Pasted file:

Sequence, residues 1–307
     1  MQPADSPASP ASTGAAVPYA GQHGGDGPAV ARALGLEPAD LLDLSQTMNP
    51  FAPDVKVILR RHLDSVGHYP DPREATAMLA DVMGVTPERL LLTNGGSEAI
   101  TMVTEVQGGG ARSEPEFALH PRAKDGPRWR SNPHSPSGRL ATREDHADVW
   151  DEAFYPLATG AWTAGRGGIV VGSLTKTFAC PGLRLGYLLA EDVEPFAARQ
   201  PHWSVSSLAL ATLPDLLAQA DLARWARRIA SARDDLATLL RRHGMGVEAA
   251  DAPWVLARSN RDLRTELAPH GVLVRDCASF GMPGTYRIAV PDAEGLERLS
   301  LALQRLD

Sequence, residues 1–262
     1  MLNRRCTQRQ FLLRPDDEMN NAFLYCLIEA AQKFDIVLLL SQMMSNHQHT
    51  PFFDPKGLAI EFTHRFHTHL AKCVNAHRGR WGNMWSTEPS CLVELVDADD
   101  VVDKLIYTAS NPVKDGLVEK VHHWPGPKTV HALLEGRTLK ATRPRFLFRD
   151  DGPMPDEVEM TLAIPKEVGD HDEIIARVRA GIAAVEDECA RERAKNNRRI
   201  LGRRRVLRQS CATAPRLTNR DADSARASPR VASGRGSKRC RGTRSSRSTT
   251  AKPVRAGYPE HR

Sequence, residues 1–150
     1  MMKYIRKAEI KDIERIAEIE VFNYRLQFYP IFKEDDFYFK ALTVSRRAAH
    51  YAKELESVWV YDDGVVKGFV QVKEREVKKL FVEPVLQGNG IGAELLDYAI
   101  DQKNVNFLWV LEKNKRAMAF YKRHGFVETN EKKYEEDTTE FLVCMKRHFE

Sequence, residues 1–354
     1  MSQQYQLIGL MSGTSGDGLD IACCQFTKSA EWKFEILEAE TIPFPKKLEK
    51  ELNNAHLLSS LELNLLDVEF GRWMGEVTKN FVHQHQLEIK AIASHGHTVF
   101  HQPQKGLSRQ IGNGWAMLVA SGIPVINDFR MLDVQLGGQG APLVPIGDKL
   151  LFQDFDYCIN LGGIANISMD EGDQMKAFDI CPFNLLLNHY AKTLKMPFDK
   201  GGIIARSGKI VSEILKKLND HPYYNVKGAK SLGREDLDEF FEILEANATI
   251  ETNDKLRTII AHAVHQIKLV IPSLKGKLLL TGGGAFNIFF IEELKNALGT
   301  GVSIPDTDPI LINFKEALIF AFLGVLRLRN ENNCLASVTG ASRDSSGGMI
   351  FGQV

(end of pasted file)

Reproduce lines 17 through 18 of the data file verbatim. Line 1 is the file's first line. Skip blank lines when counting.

     1  MMKYIRKAEI KDIERIAEIE VFNYRLQFYP IFKEDDFYFK ALTVSRRAAH
    51  YAKELESVWV YDDGVVKGFV QVKEREVKKL FVEPVLQGNG IGAELLDYAI